They began talking about “Hard Times,” eagerly bouncing ideas off each other as if they were right back to sketching out the song for the first time. Not so much debating but weighing the merits of the song’s small machinery — clarifying the narrative, making the language more evocative.
“We like qualifiers,” Rawlings said, moving his hands as if he were fitting puzzle pieces into place. “There was the moment of thinking about a hard-times song and then coming up with ‘Hard times aren’t gonna rule my mind.’ And then going, ‘No more.’ And then going, ‘OK, this is now something that I understand and know how to express or deal with.’”
“Yeah, it almost relates to that moment of transformation or redemption, or some switch gets flipped,” Welch came in, lively. “Someone has said to me before that songs — there has to be a reason for them. They’re kind of about, you know, pinnacle moments. Precise moments.” She gave an example: “ ‘One more dollar, and I’m going home.’ These help us focus on this transformative moment.”Redemption and optimism are subjects that I find difficult to approach, especially now, considering not only the masses of people dying but also the way lives have become mere numbers on a constantly ascending chart. Considering that the country itself might not be worthy of redemption. Considering, of course, that with every reason for optimism I’ve found, there is a new, darker, more cynical corner unearthed.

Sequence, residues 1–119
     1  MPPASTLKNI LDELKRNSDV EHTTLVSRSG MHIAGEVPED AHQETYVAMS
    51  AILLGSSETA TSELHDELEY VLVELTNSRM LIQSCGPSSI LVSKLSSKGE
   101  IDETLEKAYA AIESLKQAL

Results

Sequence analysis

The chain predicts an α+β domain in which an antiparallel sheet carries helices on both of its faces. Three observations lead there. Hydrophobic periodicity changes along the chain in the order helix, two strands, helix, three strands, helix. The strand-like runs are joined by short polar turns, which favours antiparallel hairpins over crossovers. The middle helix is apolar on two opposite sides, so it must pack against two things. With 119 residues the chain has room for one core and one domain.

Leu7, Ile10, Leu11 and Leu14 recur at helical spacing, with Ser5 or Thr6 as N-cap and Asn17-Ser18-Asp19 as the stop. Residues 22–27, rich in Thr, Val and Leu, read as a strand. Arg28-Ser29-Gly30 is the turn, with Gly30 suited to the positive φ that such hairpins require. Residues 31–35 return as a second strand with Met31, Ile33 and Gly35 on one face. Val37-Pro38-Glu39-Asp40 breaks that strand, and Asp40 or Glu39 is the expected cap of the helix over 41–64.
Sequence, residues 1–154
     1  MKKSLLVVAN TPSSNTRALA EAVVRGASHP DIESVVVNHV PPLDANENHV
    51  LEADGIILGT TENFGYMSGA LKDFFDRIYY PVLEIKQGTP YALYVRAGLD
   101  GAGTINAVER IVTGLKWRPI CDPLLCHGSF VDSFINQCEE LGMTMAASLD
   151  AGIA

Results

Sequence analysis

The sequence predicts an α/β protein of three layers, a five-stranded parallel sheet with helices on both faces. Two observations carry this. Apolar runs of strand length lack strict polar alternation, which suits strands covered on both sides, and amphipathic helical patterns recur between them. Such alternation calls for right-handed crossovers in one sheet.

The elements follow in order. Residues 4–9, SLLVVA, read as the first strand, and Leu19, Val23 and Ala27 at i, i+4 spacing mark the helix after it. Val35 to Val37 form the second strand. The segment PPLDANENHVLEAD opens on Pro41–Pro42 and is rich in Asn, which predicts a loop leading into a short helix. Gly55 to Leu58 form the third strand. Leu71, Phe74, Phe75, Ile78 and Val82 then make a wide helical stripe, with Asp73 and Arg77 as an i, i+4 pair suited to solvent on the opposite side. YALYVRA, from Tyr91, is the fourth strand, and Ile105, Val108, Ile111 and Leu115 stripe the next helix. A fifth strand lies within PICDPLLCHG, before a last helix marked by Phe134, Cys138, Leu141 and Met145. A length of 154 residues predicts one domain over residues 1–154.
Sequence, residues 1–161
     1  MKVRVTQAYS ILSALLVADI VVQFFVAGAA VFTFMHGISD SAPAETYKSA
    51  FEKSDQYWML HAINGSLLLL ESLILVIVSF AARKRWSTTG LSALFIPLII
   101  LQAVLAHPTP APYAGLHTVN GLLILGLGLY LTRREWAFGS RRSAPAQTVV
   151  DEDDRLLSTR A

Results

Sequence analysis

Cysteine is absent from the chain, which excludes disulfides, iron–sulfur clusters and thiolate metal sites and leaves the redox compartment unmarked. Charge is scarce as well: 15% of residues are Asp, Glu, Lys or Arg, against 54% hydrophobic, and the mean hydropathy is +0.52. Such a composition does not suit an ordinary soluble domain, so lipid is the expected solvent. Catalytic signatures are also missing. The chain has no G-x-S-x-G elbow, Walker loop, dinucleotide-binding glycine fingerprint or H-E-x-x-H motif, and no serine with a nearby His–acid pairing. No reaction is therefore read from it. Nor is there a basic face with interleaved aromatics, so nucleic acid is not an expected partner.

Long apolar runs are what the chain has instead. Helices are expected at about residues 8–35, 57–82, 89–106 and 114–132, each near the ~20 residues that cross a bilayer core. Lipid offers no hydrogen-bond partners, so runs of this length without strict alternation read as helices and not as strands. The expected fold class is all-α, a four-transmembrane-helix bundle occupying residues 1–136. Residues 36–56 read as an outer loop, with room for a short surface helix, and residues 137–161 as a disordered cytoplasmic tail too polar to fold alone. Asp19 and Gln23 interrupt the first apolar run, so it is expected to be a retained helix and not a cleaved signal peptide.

But now I found myself thinking about the arcs of redemption that flow through the duo’s songs. How gentle they are to their characters, their landscapes. Even when some might think they don’t deserve it. Throughout their career — even in some of “The Lost Songs” and the songs they chose on “All the Good Times,” there’s some relief at the end of the darkness. In their version of Dylan’s “Abandoned Love,” the two wring all the anguish out of the song’s first seven verses before patiently, gently, laying out the final verse: the one where Dylan asks to feel the love of his wife just one more time before he abandons their relationship. It’s hopeful — the kind of ending to a song where you know the answer was yes, just by how it is sung. It is the rigorous truth-telling that the two excel in: One cannot be redeemed without a clear articulation of why redemption is needed. And that’s the part that some other singers might gloss over. But Welch and Rawlings, as writers, dig their hands into the mess of a life that is worthwhile despite its messiness (emphasis added).